As I’ve been searching for jobs, I’ve noticed that many postings list as a requirement the ability to communicate with “non-technical” people. While it’s important for those with certain technical expertise to be able to communicate their ideas to those without it, this goal is not helped by characterizing some people as “non-technical.”
First off, many supposedly “non-technical” people in fact have advanced technical skills – just ones that don’t concern computers. Someone who can repair cars is still very technically capable even if they don’t know how to send an email. There’s nothing special about computers that makes people who understand them uniquely capable, important, or “technical”.
Even if we take “technical” as referring narrowly to computer skills, almost everyone in a modern workplace is technical at some level. If you know what a file is, that’s a technical skill – one that many people lack. To be sure, some people have more computer skills than others – but it’s a difference of degree, not of kind. When you’re trying to communicate technical ideas, not everyone who you might consider “non-technical” is at the same level. An octogenarian just learning to send a text message is different from an Art History PhD who recently got into Digital Humanities is different from that kid in the “what’s a computer” commercial. Communicating with these three “non-technical” people is likely to require different strategies.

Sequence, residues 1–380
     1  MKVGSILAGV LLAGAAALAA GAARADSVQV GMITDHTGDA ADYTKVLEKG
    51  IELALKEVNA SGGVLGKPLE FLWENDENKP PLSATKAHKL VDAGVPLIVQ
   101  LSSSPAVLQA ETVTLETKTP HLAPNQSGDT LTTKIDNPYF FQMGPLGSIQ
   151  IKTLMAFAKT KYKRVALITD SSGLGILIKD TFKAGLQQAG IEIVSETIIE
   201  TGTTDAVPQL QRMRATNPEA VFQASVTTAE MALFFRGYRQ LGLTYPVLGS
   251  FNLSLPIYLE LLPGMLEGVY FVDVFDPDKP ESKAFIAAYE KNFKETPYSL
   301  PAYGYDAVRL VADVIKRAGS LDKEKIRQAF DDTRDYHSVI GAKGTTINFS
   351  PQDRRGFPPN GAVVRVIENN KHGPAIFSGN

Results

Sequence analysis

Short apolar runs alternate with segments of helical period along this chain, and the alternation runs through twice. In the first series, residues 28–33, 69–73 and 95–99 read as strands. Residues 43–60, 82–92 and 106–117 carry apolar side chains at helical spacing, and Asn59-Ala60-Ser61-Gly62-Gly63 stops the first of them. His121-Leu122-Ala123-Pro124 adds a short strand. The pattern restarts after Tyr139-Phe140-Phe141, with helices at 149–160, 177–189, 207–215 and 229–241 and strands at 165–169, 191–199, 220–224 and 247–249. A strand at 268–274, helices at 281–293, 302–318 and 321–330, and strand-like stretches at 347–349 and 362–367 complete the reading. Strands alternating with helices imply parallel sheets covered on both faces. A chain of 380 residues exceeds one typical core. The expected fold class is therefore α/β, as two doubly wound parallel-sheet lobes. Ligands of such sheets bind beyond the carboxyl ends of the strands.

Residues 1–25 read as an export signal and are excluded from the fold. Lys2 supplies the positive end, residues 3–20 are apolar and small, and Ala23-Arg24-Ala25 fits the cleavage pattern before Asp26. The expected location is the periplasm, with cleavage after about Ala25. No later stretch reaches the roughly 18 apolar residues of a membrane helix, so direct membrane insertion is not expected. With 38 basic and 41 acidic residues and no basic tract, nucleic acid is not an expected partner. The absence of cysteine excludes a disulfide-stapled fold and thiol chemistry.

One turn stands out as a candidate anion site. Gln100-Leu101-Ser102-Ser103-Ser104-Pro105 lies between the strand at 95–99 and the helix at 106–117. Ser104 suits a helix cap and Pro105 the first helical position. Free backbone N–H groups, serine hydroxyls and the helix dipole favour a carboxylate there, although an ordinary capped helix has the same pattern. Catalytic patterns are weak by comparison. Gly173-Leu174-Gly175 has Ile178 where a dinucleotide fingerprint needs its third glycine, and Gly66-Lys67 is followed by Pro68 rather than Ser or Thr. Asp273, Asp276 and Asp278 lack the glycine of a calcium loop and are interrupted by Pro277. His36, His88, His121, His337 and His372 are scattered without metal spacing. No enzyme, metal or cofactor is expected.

Furthermore, calling people “non-technical” underrates their ability to learn. We’re all at a certain level of technical proficiency, and we all have the potential to reach a higher one. Some people are discouraged from doing so because they think of that they’re not “technical” – that they’re not “computer people.” But in fact, there are no “computer people.” There are only regular people who accumulated bits of computer knowledge little by little – sometimes from being taught in school, but more often from facing their own computer problems with the confidence and will to learn. Far too many people lack that confidence because they learn to think of themselves as “non-technical.” It’s true that not everyone has time or energy to devote specifically to learning about computers – and they shouldn’t have to. However, anyone who uses computers at all will at times encounter organic opportunities to learn: we should avoid encouraging people to squander these in a fit of learned helplessness.
When we explain a technical concept to someone who lacks some of the requisite background, we should do so in a way that facilitates their own technical growth. This requires us to recognize that everyone is a technical person – some of us are just at different places in our journey than others.